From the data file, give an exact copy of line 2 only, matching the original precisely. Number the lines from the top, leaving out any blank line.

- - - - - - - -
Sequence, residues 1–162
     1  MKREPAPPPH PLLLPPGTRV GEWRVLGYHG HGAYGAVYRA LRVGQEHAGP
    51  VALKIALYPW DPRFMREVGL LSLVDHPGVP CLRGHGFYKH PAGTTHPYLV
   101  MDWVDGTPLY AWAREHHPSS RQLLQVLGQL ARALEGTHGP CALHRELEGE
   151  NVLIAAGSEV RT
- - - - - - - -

     1  MKREPAPPPH PLLLPPGTRV GEWRVLGYHG HGAYGAVYRA LRVGQEHAGP